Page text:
Post-turkey weekend activities kick off the holidays

The weekend after Thanksgiving is the official kick-off for many Christmas activities. There’s no question the holidays will look and feel different during these days of COVID-19. Yet there still are things that can be done by yourself or with your household. **Distanced visits with Santa ** Downtown Astoria is all lit up for the holidays. The Christmas tree on Marine Drive at 17th Street was put up and lit Nov. 21, although there was no ceremony this year due to the pandemic. Santa will (continued)

UO chemist's research getting to bottom of top cup of coffee

The future of good espresso will be brewed with the help of University of Oregon chemist Christopher Hendon, known widely as Dr. Coffee. The Specialty Coffee Association, after months of grinding through proposals from universities around the world, announced that the UO will be a research partner for a four-year espresso extraction research project. “Toward a Deeper Understanding of Espresso Extraction” was announced Nov. 12. The project will spark the development of formal guidelines on (continued)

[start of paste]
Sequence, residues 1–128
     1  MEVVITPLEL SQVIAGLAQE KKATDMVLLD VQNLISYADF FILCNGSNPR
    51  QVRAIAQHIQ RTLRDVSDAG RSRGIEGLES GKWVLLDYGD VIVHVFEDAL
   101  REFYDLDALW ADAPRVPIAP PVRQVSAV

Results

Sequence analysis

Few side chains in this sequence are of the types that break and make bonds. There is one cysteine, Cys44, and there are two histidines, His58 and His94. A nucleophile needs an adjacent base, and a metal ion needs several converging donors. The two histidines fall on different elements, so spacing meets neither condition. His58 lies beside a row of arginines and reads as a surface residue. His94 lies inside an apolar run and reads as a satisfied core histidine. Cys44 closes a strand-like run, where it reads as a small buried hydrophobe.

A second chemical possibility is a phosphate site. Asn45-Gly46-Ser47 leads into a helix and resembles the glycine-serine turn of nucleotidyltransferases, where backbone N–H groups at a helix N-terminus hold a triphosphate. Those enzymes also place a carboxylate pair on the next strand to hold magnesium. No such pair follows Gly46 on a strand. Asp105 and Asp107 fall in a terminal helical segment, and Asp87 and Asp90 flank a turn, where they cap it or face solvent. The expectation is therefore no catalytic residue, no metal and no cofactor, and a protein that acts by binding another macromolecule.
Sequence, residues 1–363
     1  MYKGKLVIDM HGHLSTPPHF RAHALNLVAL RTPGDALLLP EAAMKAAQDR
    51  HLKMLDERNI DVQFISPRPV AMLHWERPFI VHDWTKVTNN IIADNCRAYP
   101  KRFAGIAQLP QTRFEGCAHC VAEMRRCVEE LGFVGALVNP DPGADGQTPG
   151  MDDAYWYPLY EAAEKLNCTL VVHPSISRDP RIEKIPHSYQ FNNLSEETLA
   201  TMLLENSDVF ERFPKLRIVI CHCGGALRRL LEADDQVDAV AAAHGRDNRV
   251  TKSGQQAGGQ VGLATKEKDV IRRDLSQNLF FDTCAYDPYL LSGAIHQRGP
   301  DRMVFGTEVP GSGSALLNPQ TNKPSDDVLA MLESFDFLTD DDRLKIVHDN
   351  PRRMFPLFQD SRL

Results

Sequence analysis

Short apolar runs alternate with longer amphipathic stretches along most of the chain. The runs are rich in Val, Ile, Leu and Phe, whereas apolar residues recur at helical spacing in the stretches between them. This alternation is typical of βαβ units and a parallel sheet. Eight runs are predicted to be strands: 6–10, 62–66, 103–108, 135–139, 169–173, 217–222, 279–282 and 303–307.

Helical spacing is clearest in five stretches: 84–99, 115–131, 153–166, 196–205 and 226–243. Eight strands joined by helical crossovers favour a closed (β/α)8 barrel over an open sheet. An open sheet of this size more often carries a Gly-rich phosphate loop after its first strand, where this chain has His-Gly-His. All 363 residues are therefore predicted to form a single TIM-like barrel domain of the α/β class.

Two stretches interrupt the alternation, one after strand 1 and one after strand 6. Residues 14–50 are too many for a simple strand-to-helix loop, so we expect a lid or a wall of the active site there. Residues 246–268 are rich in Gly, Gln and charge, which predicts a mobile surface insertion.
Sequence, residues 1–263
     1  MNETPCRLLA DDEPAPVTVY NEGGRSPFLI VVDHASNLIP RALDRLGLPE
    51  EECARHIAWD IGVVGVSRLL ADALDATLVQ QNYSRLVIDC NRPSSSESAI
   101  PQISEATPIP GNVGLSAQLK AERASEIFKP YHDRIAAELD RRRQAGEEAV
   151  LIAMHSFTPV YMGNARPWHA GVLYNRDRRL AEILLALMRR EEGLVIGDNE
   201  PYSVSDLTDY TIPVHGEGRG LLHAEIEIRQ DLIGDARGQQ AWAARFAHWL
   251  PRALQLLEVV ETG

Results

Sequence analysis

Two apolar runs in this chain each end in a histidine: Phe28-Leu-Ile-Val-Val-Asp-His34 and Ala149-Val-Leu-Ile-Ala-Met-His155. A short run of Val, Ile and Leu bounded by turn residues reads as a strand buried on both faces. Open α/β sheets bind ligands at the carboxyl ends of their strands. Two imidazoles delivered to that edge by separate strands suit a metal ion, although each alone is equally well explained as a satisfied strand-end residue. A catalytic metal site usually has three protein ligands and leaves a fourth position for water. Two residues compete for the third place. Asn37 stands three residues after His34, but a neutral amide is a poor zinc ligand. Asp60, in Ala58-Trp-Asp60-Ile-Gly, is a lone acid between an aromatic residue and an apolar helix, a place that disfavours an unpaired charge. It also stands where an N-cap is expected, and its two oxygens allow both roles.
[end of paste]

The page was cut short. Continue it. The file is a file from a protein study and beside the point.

Oregon is tops in many food products

Oregon may not be a major producer of turkeys, but you can thank the state’s farmers for other staples found on a typical Thanksgiving table and throughout the holidays. Oregon is No. 1 in the nation for Dungeness crab production -- $68 million worth! We’re No. 2 for pears and onions, No. 3 for cranberries, and No. 4 for green peas and potatoes. If you raise a toast during the holidays, remember that Oregon hops are used to produce many of the region’s craft beers. The state ranks No. 3 (continued)

Group helps needy and seeks people willing to 'adopt' families for the holidays

A group from Warrenton Hammond Healthy Kids put together Thanksgiving food baskets for those in need. The nonprofit community benefit group partnered with Warrenton-Hammond School District and Walmart to provide all the fixings for a Thanksgiving meal for the families of 138 Warrior students. The group also is organizing a holiday Adopt-A-Family project. Those who would like to be included on the list of potential families that will be adopted are asked to contact Warrenton Grade School. Those (continued)